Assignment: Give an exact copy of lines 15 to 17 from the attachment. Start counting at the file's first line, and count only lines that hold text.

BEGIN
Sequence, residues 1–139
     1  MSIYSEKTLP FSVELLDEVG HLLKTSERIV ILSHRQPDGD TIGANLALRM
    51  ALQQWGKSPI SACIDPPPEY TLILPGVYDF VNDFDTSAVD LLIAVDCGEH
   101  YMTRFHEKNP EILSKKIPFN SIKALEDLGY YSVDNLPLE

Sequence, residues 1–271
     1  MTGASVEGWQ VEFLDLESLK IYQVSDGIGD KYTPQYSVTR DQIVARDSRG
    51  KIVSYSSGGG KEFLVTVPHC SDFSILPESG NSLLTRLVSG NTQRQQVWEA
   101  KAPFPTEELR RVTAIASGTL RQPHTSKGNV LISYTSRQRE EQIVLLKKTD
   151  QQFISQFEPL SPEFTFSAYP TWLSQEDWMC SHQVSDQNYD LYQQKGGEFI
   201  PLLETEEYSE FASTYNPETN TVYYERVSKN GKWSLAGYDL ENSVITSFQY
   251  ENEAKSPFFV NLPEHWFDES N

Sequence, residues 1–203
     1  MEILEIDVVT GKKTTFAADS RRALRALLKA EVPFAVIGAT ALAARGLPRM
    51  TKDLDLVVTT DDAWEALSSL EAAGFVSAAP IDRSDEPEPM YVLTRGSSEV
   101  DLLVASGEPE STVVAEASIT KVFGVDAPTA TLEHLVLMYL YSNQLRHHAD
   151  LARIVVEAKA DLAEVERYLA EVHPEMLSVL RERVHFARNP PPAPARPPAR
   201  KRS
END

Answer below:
   101  DLLVASGEPE STVVAEASIT KVFGVDAPTA TLEHLVLMYL YSNQLRHHAD
   151  LARIVVEAKA DLAEVERYLA EVHPEMLSVL RERVHFARNP PPAPARPPAR
   201  KRS